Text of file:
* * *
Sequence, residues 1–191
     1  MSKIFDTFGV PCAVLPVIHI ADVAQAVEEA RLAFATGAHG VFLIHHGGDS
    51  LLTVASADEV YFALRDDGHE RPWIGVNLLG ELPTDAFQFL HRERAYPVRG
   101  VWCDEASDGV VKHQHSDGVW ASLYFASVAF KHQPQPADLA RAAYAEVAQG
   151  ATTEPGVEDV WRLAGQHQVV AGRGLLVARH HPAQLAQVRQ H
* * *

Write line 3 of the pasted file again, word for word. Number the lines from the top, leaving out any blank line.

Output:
    51  LLTVASADEV YFALRDDGHE RPWIGVNLLG ELPTDAFQFL HRERAYPVRG